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While the holidays are the most wonderful time of the year for many of us, it is perhaps one of the most dangerous times of the year for our pets. Please remember our pets when decorating your home, entertaining or enjoying a wonderful holiday meal. Here are some tips I try to do during this time of the year, and I hope others will post their best tips as well.

Emergency Contact Information: Keep your veterinarian’s phone number handy in a safe place in case of emergency. While you are at it, jot down the closest Emergency Animal Clinic’s address and phone number just in case, as well as a Poison Control hotline just in case you need it. Remember poison control hotlines charge you for advice, but it may be worth it if your pet’s life hangs in the balance after an eating indiscretion. In an emergency seconds count, and keeping this information in a handy place will save time.
Here is a link to one poison control center—there are others out there as well. ASPCA | Animal Poison Control Center

Your Contact Information: Make sure to keep current contact information on your dog through tags, collars or a microchip. This is the time of year to entertain guests and sometimes our pets go through doors opened and not closed, wander and explore. If your dog is missing, current contact information is crucial to reunite you should a stranger or shelter find him.
Here is a good sticky on finding a lost dog: http://www.goldenretrieverforum.com/golden-retriever-lost-found/61501-finding-stolen-dogs.html

Also, consider contacting local golden rescues just in case someone finds your dog and turns him into a rescue group.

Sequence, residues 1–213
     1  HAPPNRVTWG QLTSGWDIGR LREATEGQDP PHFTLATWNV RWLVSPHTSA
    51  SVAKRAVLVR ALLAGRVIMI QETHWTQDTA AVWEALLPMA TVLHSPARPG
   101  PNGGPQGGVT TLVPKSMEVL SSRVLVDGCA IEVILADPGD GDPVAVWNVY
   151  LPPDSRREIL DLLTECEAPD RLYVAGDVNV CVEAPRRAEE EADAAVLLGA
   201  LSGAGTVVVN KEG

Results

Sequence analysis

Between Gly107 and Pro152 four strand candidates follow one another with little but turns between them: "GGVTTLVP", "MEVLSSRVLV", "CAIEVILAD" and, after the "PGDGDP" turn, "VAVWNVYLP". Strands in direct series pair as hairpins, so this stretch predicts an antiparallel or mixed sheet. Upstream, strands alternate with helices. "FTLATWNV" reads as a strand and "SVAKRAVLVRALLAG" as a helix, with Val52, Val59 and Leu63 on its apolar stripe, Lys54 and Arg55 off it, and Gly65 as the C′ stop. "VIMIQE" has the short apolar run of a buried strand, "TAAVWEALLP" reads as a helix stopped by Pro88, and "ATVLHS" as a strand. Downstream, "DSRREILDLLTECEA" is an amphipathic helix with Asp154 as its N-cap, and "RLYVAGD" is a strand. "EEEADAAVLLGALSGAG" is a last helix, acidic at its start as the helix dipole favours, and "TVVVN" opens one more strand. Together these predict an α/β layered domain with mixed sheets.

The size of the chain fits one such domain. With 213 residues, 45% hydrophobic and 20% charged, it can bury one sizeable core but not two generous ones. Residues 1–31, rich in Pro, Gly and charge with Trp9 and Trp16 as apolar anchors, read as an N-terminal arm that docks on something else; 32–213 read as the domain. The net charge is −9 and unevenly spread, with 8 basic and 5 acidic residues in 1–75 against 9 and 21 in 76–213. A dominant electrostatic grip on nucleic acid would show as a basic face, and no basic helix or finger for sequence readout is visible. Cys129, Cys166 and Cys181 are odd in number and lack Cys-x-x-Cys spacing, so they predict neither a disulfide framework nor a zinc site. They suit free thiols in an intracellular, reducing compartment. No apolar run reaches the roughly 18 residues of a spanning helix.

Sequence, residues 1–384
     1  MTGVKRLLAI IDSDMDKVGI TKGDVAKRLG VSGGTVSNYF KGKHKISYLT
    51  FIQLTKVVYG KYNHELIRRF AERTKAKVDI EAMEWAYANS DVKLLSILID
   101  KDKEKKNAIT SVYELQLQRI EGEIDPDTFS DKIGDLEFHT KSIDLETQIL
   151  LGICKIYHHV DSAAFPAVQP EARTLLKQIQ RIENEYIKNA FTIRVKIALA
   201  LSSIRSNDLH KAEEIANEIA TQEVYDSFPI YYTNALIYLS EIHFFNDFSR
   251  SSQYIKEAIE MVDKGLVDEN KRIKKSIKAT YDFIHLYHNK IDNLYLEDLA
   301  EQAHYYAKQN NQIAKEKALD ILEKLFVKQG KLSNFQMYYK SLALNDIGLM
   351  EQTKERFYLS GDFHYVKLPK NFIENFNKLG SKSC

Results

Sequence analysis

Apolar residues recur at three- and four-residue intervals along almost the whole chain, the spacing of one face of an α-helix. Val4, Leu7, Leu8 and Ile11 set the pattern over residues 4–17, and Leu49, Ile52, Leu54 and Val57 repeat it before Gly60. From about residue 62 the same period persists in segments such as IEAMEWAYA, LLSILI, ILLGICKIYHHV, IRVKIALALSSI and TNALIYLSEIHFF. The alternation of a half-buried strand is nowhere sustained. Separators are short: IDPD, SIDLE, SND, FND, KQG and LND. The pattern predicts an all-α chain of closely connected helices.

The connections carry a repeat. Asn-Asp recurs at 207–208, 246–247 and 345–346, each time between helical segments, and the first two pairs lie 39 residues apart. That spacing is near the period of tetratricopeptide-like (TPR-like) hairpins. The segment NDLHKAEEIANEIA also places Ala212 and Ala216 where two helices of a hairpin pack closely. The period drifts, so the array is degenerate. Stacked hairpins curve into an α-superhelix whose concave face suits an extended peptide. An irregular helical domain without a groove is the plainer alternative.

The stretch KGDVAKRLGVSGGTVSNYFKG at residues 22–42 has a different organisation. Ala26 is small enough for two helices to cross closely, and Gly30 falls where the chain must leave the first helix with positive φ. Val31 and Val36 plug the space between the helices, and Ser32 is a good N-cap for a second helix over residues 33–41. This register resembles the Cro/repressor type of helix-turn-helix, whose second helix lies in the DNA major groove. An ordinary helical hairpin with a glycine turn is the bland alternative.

Mindful Decorating: Keep dangerous decorations out of reach of our pets. For example, tinsel and Christmas lighting can be dangerous, as are tiny objects that dogs might ingest. Liquid potpourri and candles are also dangerous. One of the veterinarians at the clinic we use has a wise man on her desk that came out of a dog last Christmas during an obstruction surgery. The dog found the nativity scene, ate one of the wise men and the owner did make the association until the dog started showing signs of gastric distress and the vet called to tell her what they found inside the dog’s intestines during obstruction surgery. Think about objects within a dog or cat’s reach on the tree or floor and move if necessary. I ended up removing our stockings for fear our Toby would try to grab them and knock down heavy stocking holders on his head. The water used to keep Christmas trees from drying is toxic as well. Candy dishes on tables with chocolates or mints might be too tempting for our pets as well.

Keep in mind many holiday plants, such as poinsettias, can be toxic if ingested by our pets. Here is a Sticky on Dangerous Plants: http://www.goldenretrieverforum.com/golden-retriever-health-anatomy-physiology-breed-standard/76905-toxic-non-toxic-plant-list-toxic-human-food-dogs.html

Mindful Eating: The above sticky also covers many foods that are dangerous for our pets. This is a busy time of year for veterinarians simply because people forget and give their pets a bite or two from their own holiday plates, causing severe stomach upset or worse, including colitis, toxicity and pancreatitis. Here is a sticky to get you started should your dog experience a stomach issue during this time: http://www.goldenretrieverforum.com/golden-retriever-health-anatomy-physiology-breed-standard/100015-what-do-about-stomach-upsets.html

Guests: This is the time of year we open our homes to guests and unfortunately some of our family, friends and guests are not “animal” people and do not understand the basics of keeping our pets safe and sound. If you are hosting a party, perhaps keeping the dog and cat away from the guests, in another room in the house or in a crate might prevent them going out an open door or eating something they should not. House guests may need a briefing on keeping the doors closed, personal belongings off the floor (think shoes, socks or underwear that your dog might snack on because they are left out), and not feeding the pet any human food without your prior approval. Also, if you are entertaining or hosting children in your home, please brief them and supervise if necessary.

Happy Holidays Everyone!! I hope everyone has a happy, healthy and safe one!
 

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Knife Swallower